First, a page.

#edbookfest: Zoë Howe: “Lee [Brilleaux] was the classic rock ‘n’ roll Jekyll and Hyde.”

edbookfestbannerA punk and a gentleman | With R&B punk band Dr Feelgood returning to public consciousness thanks to the story of co-founder Wilko Johnson’s battle with cancer, writer Zoë Howe believes it’s a good time for recognition to be given to the band’s other co-founder who died aged 41. In Lee Brilleaux: Rock’n’Roll Gentleman, she argues for a long overdue appreciation of his legacy.

zoe“Lee was the classic rock ‘n’ roll Jekyll and Hyde.”
“I was always very into punk,” says Zoë. Her first book was on The Slits, for one. “I didn’t think I appreciated how important the Feelgoods were until I saw the Oil City Confidential movie. That was the most exciting band film I’ve ever seen.”

Zoë became fascinated with the music, but also the incredible attitude they had, and Lee. “Lee intrigued me in a different way,” she explains. “Lee was the classic rock ‘n’ roll Jekyll and Hyde.” He was singular and eccentric, but everyone she interviewed said he was a gentleman: she wants to put the person he was before the Feelgoods for the book title.

“People knew what they wanted a pop star to be and the Feelgoods threw it out the window,” she continues, on why they caught so much attention. “I think they were very much the pioneers of [the pub rock scene]. The term pub rock put me off,” she adds, conjuring ideas of beer bellies and darts. “It’s a lazy term and lets loads of those bands down.” But in the scene, while at the forefront, the band would support and nurture others in their wake.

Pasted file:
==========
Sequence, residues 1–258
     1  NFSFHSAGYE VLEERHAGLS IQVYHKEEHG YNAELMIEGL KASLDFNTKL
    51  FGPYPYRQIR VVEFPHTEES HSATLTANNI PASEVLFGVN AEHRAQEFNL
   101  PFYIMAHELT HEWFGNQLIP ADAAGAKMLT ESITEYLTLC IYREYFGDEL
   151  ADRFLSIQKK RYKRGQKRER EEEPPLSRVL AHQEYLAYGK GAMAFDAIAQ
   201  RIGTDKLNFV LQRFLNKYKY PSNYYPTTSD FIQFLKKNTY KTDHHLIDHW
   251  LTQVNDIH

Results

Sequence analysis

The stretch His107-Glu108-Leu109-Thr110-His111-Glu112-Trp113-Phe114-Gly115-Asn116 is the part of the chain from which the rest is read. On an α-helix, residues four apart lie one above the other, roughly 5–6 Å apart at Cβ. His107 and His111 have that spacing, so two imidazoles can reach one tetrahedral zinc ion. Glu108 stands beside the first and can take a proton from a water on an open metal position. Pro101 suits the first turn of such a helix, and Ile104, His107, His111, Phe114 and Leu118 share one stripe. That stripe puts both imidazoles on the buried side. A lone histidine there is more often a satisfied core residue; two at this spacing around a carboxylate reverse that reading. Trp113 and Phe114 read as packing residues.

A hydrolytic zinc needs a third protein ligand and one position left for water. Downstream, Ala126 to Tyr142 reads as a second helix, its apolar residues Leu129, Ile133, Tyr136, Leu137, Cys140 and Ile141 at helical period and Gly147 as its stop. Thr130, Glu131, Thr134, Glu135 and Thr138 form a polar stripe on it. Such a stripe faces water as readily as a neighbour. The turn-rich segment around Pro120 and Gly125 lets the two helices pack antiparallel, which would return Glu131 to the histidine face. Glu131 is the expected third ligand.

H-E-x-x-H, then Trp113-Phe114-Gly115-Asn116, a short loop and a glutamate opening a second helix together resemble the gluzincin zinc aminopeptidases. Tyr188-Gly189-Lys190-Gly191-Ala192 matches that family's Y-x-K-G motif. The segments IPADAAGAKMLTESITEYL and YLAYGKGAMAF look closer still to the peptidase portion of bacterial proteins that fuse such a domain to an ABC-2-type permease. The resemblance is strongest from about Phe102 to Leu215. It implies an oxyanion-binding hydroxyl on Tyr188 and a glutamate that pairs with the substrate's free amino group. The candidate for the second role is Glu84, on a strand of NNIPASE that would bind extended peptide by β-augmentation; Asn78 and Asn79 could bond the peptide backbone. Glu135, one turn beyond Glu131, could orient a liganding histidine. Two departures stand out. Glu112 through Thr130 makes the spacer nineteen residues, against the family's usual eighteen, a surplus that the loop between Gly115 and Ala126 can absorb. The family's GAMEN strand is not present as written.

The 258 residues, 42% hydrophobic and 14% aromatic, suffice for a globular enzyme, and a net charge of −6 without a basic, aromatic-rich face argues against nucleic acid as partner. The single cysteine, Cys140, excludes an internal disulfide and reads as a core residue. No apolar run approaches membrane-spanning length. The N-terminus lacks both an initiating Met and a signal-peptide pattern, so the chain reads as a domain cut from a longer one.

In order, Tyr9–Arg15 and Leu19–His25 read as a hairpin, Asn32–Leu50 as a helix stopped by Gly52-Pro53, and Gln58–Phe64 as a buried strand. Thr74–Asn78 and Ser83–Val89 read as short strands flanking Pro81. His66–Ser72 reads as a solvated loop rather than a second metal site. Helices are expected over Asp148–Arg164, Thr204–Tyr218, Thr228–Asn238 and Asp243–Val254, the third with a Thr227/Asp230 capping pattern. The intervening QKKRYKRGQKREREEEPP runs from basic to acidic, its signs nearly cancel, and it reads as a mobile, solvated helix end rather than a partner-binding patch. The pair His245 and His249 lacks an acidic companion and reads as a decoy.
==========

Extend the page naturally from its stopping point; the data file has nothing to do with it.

lee book“It feels like I’m returning to an old pal.”
The band were signed, they were going places, and frictions began to show. Wilko had done acid and speed, and he, in a sense, looked down on booze, something the rest of the band spent a lot of time with. He stopped understanding everyone, rifts grew. The moment the band ended really occurred when Wilko flippantly said he wouldn’t go to America for a tour. They weren’t on the same page with the biggest of opportunities. Though much is made of the divide, Wilko and Lee did have great times together, she notes.

The hour looks at how the band went from being uncompromising to trying plenty of unexpected things, how they downsized their touring schedule from 280 to a mere 220 shows a year, the post-Wilko years and how Zoë often has to spend most of the time writing a biography finding and chasing people to interview, but with Lee there was a deluge of people wanting to talk about him. “That sums it up.”

On writing and taking about the book, Zoë simply says, “It feels like I’m returning to an old pal.”

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